http://www.sap.com/communities/pcn @servantofchaos on Twitter Gavin is the author of Servant of Chaos, one of Australia’s leading marketing blogs and is the co-publisher (with Drew McLellan) of the ground-breaking collaborative marketing book series, Age of Conversation. Gavin has worked in agencies (leading the global digital strategy for McDonald’s), but is currently holed up on the client side where he is the Director of Social Media for the SAP Premier Customer Network, North America. In what little spare time is left to him, he works with young people as president of local non-profit organisation, Vibewire. Connect with Gavin »
http://sellingtobigcompanies.blogs.com @jillkonrath on Twitter Jill Konrath is an internationally recognized author and B2B sales strategist. She’s a popular speaker at sales meetings, conferences and kick-off events where she shares fresh sales strategies that actually work in today’s business environment. SNAP Selling, her newest book, soared to #1 Amazon sales book within hours of its release. Her 1st book, Selling to Big Companies, was named a “must read” by Fortune Magazine and has been an Amazon’s Top 20 Sales Books since 2006. Connect with Jill »
@MerrimanMzinga on Twitter Mike Merriman has a varied background in product development, product management, customer service, strategic consulting, and industry research with over 20 years of leadership experience. As Mzinga’s Director of Strategic Services, Mike applies this broad background to assist our clients in mapping their business goals to specific community and social media initiatives to maintain competitive advantage. Connect with Mike »
http://www.drnatalienews.com/ @drnatalie on Twitter Dr. Natalie serves as the Chief Strategist for Social Media, Digital Communications and Measurement at Weber Shandwick, with a world-wide practice role spanning client work, practice development and thought leadership. Dr. Natalie’s focus is to consult with clients on their strategy for social media, marketing, PR, customer service and integrating them using organizational change management, new technology deployment and social media analytics, measurement and ROI. Connect with Natalie »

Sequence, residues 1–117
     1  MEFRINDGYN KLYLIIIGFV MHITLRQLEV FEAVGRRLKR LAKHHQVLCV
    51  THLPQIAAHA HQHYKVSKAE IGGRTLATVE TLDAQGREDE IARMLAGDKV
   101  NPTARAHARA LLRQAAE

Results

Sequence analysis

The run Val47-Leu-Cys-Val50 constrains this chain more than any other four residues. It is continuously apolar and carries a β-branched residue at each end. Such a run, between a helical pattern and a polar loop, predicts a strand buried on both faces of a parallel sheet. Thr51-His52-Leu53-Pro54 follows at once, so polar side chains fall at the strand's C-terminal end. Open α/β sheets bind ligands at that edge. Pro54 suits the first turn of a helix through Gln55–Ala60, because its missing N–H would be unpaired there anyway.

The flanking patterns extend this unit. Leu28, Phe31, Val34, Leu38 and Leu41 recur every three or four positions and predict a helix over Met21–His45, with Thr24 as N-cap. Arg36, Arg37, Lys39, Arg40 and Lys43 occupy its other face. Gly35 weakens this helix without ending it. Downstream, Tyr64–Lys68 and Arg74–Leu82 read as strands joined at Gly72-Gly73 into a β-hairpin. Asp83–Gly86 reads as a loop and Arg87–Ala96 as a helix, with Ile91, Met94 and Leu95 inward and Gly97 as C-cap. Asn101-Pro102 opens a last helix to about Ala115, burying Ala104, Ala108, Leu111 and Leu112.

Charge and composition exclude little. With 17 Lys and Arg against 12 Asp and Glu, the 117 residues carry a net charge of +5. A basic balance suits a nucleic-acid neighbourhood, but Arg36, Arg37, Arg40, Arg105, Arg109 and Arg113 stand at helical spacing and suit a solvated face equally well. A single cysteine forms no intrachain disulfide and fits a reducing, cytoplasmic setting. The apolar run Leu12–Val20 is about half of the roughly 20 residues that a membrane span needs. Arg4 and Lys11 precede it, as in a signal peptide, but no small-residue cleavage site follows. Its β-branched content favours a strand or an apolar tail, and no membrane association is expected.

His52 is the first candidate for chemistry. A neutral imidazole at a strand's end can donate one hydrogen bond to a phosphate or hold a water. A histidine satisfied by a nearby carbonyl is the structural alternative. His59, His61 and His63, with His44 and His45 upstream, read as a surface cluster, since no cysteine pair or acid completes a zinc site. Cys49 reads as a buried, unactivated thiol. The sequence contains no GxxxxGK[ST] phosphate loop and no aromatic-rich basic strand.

http://www.sales20book.com/wp @annekeseley on Twitter Anneke was the twelfth employee at Oracle, the designer of OracleDirect, the company’s revolutionary inside sales operation, and one of four people recognized as an early innovator in Oracle’s Innovation Showcase. She is currently the CEO and founder of Phone Works, a sales strategy and implementation consultancy that has helped over 350 large and small businesses across industries increase sales productivity and results. Anneke is the coauthor of the best-selling book on the new culture of selling, Sales 2.0: Improve Business Results Using Innovative Sales Practices and Technology. Connect with Anneke »
Business-to-business marketing can often appear dull and boring. The messaging is subdued, the social media is lacklustre and personality? What personality, right?
Now, there are always excuses here – government regulation, brand guidelines, tone of voice or particular assumed audience needs. But these are merely excuses – not reasons. We should instead see them as challenges – for to succeed in B2B marketing, I believe we need to think like rockstars.
How does this work? Mack Collier has put together a great deck on the subject of rockstar thinking. He calls out four key points – but let’s think about these in a B2B framework:
Rockstars are fans too: remember, rockstars don’t necessarily love their own music. But they do have inspirations, musicians and artists they respect. Pay homage to your inspirations – learn from what they do and bring their work and focus into the work that you do.
Rockstars shift control to fans: if you are a rockstar what do you like to do? Yep – hang out with other rockstars. Think about ways that you can elevate your advocates – and empower them in unexpected ways.
Rockstars find the bigger idea: what mission are you on? How are you improving the lives of people. How are you changing the planet? What is the difference you are making. Sure you can throw money at a problem, but what can you DO to change the game. Think about it, then DO IT.
Rockstars embrace their fans: in the B2B world there are many stakeholders. How do you celebrate them? What can you do to recognise their help and their efforts? How can you answer their questions faster? Think about stepping out from behind the shadow of your brand to provide unexpected value.
B2B can be exceptionally funky – and can prove a fertile opportunity for out-of-the-box thinking. Do you have examples? I’d love to hear of them!